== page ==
31 July 2008

Power fees going up in Buenos Aires

The national government is giving the power companies a raise, through an increase in the power fees, that will fall on those who consume more than 650 kWh every two months. The increase will range from 10% to about 30% and, while Minister Julio De Vido says it'll only affect 24% of the population, others claim the middle class will be hit hard. And it seems a further raise is due next February.

The above is the news as reported everywhere in Argentina, and many people are genuinely concerned or outraged for the wrong reasons. Why? Well, despite the big headlines and the alarming newsflashes broadcast by the media, the raise is only for Buenos Aires, its metropolitan area and the city of La Plata only. Granted, that's 40% of the consumer base and Buenos Aires is the center of the universe for the porteño and for the "national" media, but you'd think they should at least qualify their statements.

I didn't say we hinterlanders* shouldn't be concerned or outraged. We have reason to be concerned since the same inflation and the companies' lack of investments that prompted the national government to grant the raise for the Buenos Aires area utility companies is having serious effects on those that supply the provinces; many had adjusted their fees up or were considering raises before this, and now it's only a matter of time before they align themselves with the capital's companies. Our own EPE (the Santa Fe Provincial Power Company) is checking its numbers right now.

* "El interior del país" ("the interior of the country") is what they call everything but Buenos Aires. That's how Argentina was structured to begin with: a colony with a big port to interface with the world, plus a broad expanse of land ripe for primary exploitation. It's customary and it doesn't sound alright. In fact, it reminds me of the ridiculous conception of Bender's robot apartment in Futurama — Bender sleeps standing up in a 1×1-metre room with no furniture, and the place where he lets Fry live is a huge room in itself... which Bender calls "the closet".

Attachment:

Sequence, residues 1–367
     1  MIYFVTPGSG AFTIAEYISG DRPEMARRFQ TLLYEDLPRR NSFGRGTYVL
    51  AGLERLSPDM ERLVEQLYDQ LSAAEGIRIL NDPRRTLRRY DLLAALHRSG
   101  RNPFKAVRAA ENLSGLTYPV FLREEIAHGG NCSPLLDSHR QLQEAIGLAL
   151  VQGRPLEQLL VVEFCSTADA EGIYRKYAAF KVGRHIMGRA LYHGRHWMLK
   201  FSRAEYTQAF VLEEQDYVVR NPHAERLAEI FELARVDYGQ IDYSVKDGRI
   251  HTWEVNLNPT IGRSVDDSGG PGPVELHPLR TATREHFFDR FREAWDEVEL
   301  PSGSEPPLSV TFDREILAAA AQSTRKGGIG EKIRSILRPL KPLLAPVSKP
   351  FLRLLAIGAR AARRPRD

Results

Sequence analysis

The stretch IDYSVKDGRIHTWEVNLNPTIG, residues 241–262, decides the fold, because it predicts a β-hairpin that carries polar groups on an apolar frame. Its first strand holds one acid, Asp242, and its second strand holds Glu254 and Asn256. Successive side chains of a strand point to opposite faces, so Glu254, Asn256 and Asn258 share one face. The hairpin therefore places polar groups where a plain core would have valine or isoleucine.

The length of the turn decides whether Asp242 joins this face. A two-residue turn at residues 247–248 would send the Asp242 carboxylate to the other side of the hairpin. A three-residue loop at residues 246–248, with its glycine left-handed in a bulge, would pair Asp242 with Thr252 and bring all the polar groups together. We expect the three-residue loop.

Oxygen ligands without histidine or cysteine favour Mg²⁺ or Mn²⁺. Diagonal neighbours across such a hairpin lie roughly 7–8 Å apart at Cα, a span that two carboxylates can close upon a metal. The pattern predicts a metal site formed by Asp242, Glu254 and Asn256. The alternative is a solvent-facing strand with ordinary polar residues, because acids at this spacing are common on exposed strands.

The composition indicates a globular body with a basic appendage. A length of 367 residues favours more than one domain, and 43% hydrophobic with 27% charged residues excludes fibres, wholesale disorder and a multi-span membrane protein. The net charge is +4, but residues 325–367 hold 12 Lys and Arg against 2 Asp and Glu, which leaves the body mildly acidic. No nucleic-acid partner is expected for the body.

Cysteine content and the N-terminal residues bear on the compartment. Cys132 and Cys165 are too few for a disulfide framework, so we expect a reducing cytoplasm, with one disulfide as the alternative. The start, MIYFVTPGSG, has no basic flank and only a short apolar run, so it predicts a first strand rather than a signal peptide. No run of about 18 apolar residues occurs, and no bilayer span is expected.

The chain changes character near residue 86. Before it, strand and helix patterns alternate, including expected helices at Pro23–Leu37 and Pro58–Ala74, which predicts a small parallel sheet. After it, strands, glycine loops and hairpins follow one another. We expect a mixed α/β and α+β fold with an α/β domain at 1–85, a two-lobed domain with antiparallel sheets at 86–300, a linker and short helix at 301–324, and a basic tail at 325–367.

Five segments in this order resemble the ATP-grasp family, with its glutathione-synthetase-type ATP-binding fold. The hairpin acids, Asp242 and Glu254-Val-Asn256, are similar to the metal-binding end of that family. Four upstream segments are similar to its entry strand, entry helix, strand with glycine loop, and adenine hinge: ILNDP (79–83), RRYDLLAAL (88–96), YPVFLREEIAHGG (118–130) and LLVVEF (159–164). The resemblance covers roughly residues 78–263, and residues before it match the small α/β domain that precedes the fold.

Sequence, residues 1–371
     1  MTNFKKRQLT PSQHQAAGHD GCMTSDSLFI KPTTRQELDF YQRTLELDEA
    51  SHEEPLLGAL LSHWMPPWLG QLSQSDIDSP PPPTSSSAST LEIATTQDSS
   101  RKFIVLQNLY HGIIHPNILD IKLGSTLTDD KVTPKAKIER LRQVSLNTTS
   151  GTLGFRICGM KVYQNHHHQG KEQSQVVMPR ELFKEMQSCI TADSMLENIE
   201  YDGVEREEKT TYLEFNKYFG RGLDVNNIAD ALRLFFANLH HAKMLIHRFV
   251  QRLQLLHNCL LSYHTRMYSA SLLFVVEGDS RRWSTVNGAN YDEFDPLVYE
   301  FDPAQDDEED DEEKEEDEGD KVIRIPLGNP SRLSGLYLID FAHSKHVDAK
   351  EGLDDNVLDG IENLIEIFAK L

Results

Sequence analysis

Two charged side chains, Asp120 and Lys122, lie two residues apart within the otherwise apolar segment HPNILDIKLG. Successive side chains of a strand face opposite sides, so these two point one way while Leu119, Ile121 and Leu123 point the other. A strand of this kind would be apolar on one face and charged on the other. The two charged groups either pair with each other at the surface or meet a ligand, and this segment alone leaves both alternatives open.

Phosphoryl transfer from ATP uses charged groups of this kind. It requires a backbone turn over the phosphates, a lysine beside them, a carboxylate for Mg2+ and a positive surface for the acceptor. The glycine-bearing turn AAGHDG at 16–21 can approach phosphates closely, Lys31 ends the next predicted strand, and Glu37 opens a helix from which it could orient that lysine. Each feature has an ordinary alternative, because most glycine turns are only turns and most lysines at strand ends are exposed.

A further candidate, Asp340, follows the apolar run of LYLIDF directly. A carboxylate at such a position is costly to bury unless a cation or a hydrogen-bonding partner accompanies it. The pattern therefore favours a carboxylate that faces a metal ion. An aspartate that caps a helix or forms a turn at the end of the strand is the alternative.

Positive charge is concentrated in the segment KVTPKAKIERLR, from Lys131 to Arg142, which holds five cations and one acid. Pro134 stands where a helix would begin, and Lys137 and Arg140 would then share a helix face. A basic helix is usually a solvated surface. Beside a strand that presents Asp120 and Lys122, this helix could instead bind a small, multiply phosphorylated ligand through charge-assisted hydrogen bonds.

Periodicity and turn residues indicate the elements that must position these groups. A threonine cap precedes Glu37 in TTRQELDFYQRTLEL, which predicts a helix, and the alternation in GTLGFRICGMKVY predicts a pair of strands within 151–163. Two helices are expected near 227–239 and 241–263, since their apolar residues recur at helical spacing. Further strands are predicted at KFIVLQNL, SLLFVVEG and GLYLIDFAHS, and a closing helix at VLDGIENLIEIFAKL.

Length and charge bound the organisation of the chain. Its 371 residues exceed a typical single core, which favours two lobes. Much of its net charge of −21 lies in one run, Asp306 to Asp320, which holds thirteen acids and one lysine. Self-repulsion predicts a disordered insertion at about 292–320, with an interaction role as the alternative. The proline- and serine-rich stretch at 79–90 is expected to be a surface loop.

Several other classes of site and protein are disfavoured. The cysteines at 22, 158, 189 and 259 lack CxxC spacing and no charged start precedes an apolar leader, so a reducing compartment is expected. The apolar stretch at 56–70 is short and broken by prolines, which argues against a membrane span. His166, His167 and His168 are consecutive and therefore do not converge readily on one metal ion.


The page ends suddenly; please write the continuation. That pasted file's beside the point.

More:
The reason for the outrage is, partly, the outrage of the porteños at this raise, because they've been enjoying ridiculously low prices for power, natural gas and public transportation at our expense since... well, ever. Time and time again I've written about the subsidized fuel for buses. As Rosario's city council is about to take the bus ticket to AR$1.60, a bus or subway ticket in Buenos Aires still costs about AR$1.

Well, as it turns out, the average residential power fee in Buenos Aires is vastly lower than the average in the rest of the country. No wonder the system has problems — you can't expect that the power grid won't collapse when you charge the lowest fee in the place with the largest and densest population, the highest per-capita income, and the highest concentration of installed top-notch air conditioners and refrigerators. According to the article in Crítica Digital, in the capital area a home that consumes 1,700 kWh will get a bill for about 88 pesos. Checking EPE's website and doing a quick calculation, we learn that the same amount of power, in Santa Fe, will punish the wasteful ways of the unfortunate consumer with a bill for 194 pesos. (The guy who writes the Crítica article obviously has math issues. He reports that fees in Buenos Aires are "194% cheaper" than in Santa Fe. Things can't be more than 100% less anything, unless you allow for negative values. Back in 2002 journalists noted that the dollar-peso parity had gone from 1 to a rate of almost 4 pesos per dollar, and reported that the peso had therefore "devalued by 400%". I recall only one news source giving the correct figure of 75%.)